How Do We Exercise Freedom Of Religion While Respecting Government Authority?

By: Tia Johnson 0 Comments   3/19/2012

Disappointment dominates a Christian's look at government some days. We shake our heads as God's wisdom is seen as old-fashioned and Biblical values are tossed as so. What's a Christian to do when government seems to be leading its nation into a black hole? 

Those of us who are continually frustrated with our governing rulers may benefit from remembering how the first king came to reign over Israel.

Near 1200 B.C., well after Israel had reached the Promised Land, the elders of Israel were dissatisfied with their status and wanted a king like other nations had. "Now make us a king to judge us like all the nations," they said to the prophet Samuel.

God was not happy with their request. "...they have rejected Me, that I should not reign over them," God said. So God spoke through the prophet Samuel, warning the people what would happen if they had a king like all the other nations.

In short, God said that a king would require the use of their best resources (animals and produce). He would take their children and appoint them as servants for his governing purposes (to cook, ride chariots, etc.). "...And you will be his servants," God said, "And you will cry out in that day because of your king whom you have chosen for yourselves..."

After hearing this, the people continued to demand a king, reasoning, "that we also may be like all the nations, and that our king may judge us and go out before us and fight our battles." So, God gave them a king.

If only we could live in the time when God was our governing ruler and the one we depended on to fight our battles with other nations. Although, He certainly has not abandoned us. He has graciously granted wisdom when kings have sought it and has displayed the power of His hand in battles throughout human history. How great is our God, that even though His people rejected Him, He continues to provide when they cry for help!

It seems obvious through this passage, though, that human kingship was not God's original desire for His people. However, scripture is also clear that God has placed those authorities in place. The first two kings- Saul and David- were chosen through Samuel with God's guiding hand. These kings, obviously frail humans, did not always lead the people correctly. They made common sense mistakes and followed sinful temptations.

We might struggle with some of these same types of poor choices in our current governing rulers. Yet the Bible is very clear that we respect and pray for them. Even Jesus encouraged paying taxes when they are due. And Romans 13 is very clear about respecting the person and the law placed over us. After all, a king or president does not take their station unless it's okay with God.

Modeling respect is difficult when we disagree with our authority figures. We may not like paying higher taxes, for example, nor may we like the command to send troops here or there. But these issues are merely dislikes; they are not causing us to sin. We may certainly voice our opinion, but we must also submit to the decision made.

However, situations exist in which our respect for our governing authority might cause us to sin before God-- a nurse who is mandated to assist during an abortion procedure, for example. In explicit cases such as this, when it seems we have to choose whether to obey God or man, the decision is obvious. God is our final authority in all matters, and when His word conflicts with a lesser authority, our choice to obey God reigns over our choice to respect authority figures here on earth.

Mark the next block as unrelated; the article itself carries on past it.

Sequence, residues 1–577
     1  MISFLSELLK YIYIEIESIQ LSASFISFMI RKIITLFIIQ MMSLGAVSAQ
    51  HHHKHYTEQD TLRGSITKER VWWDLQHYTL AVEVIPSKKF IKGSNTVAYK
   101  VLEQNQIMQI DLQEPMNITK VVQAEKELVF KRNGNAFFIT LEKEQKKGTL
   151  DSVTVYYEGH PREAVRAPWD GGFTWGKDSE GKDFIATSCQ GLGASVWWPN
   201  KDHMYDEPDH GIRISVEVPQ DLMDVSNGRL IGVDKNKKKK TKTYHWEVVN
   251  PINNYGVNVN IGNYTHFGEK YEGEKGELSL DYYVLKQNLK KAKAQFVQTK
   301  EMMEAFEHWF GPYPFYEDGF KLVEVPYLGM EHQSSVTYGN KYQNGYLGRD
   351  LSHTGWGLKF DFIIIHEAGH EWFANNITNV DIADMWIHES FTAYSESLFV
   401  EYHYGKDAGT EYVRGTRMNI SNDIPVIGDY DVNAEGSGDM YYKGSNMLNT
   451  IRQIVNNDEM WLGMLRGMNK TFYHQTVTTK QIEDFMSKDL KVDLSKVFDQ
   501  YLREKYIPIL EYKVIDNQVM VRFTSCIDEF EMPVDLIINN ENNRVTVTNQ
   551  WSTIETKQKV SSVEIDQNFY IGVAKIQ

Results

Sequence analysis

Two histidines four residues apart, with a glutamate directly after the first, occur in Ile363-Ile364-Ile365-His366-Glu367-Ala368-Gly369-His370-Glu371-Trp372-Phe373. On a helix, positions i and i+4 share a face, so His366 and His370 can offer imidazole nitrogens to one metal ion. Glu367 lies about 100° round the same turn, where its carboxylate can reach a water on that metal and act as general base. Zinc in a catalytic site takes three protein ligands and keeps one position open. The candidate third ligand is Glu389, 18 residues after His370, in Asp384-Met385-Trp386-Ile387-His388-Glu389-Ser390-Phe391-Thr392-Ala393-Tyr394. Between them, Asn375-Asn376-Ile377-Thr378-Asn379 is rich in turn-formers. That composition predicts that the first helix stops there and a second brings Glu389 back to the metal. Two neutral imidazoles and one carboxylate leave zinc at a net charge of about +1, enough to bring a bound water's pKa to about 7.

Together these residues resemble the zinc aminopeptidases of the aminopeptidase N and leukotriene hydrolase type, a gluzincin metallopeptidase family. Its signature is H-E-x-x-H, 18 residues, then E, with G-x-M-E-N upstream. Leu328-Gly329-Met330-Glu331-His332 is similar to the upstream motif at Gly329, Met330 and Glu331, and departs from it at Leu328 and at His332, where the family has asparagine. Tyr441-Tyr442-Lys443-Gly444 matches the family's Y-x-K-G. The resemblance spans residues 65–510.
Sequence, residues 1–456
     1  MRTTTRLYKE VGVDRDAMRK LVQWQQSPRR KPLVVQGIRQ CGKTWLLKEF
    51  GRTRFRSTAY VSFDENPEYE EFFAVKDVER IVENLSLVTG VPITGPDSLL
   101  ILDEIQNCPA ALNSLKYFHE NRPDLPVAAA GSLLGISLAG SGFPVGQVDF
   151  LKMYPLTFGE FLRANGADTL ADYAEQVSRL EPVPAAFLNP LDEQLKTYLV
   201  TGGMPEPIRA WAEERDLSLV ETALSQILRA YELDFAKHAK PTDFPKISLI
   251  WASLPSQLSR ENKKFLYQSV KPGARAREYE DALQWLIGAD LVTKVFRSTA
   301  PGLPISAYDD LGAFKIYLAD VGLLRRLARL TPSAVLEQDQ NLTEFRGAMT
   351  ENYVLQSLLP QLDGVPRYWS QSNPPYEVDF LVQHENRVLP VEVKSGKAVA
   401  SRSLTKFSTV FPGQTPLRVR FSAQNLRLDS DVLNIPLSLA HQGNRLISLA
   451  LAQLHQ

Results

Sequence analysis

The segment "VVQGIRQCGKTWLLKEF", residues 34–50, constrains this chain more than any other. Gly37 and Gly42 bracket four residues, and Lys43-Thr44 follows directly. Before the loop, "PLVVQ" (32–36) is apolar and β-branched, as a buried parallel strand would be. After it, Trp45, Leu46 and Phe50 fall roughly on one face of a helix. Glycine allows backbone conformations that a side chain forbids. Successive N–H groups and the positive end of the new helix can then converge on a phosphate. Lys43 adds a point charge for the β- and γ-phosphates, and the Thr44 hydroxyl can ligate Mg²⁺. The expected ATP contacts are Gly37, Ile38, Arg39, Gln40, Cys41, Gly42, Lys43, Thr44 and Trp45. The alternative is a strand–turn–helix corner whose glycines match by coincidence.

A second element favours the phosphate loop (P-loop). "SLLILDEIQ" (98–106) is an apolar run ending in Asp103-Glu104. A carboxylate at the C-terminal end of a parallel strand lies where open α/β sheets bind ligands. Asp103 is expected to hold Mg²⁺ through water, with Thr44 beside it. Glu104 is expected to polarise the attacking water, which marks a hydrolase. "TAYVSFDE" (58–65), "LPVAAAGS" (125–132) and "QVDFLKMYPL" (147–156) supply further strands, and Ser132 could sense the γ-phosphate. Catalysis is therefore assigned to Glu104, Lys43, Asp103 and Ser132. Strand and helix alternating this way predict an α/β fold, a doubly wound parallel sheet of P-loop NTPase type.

Perhaps Daniel is the best example of being submissive to government yet breaking the law when appropriate. When the nation he was subject to expected him to eat foods which were against his Jewish faith to consume, he did not compromise. When an edict was issued commanding that he pray to man, Daniel continued to openly pray to God. Daniel was one of the best and most favored politicians in his nation. Scripture describes him as "faithful; nor was there any error or fault found in him." Yet when his job conflicted with his God, he knew where to stand. And God stood with him, even in the lion's den.

Cases which demand that we stand up and defend our God and our faith have sprung up routinely in history, although it seems to be happening more often in the U.S.A. now. Students battle daily to exercise their freedom of religion on campuses. Pastors have been eyed at for culturally controversial messages given at the pulpit. Families have been questioned for making faith-based decisions that appear shocking to the rest of the world.

Thankfully, citizens have fought where they must and challenged the rule of our authority figures when appropriate. Priests have sued Barack Obama for his insistence that religious groups comply with his policy. Pastors in New York City have stepped up to lobby against a city law unfairly targeting churches. Thank God that we are exercising our ability to defend our religious freedom!

Yet this must be done respectfully, with love and firmness. As Jim Daly said, "When a blind man steps on your foot you don't get angry, and we often forget that these people are spiritually blind." Although we may not rudely yell at a blind man standing on our toes, we will certainly make a strong case insisting that he remove his foot! This same approach must be used when defending any aspect of our faith with others.

Thank God that in the U.S.A. we can be actively involved in our government. We can run for office, or at the very least, write our politicians. We can organize groups of people to rally a message at the Capitol. We can peacefully and legally show our protest or our support over a decision. Yes, praise God!

Let's not take that for granted and be involved where we can.

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